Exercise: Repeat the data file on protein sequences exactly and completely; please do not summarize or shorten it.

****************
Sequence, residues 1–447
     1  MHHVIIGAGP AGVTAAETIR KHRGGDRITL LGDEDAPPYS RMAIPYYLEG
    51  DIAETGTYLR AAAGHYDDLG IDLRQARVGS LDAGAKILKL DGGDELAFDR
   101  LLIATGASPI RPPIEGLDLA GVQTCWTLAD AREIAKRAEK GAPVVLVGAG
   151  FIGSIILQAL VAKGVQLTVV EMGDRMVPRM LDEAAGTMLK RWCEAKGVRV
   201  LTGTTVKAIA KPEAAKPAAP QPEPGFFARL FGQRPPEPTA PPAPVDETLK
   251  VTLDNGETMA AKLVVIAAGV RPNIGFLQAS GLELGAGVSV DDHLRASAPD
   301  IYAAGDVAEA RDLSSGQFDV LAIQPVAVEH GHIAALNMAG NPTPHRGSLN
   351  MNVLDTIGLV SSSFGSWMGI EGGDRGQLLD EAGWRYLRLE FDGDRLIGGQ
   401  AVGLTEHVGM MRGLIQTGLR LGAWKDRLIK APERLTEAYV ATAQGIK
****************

Sequence, residues 1–447
     1  MHHVIIGAGP AGVTAAETIR KHRGGDRITL LGDEDAPPYS RMAIPYYLEG
    51  DIAETGTYLR AAAGHYDDLG IDLRQARVGS LDAGAKILKL DGGDELAFDR
   101  LLIATGASPI RPPIEGLDLA GVQTCWTLAD AREIAKRAEK GAPVVLVGAG
   151  FIGSIILQAL VAKGVQLTVV EMGDRMVPRM LDEAAGTMLK RWCEAKGVRV
   201  LTGTTVKAIA KPEAAKPAAP QPEPGFFARL FGQRPPEPTA PPAPVDETLK
   251  VTLDNGETMA AKLVVIAAGV RPNIGFLQAS GLELGAGVSV DDHLRASAPD
   301  IYAAGDVAEA RDLSSGQFDV LAIQPVAVEH GHIAALNMAG NPTPHRGSLN
   351  MNVLDTIGLV SSSFGSWMGI EGGDRGQLLD EAGWRYLRLE FDGDRLIGGQ
   401  AVGLTEHVGM MRGLIQTGLR LGAWKDRLIK APERLTEAYV ATAQGIK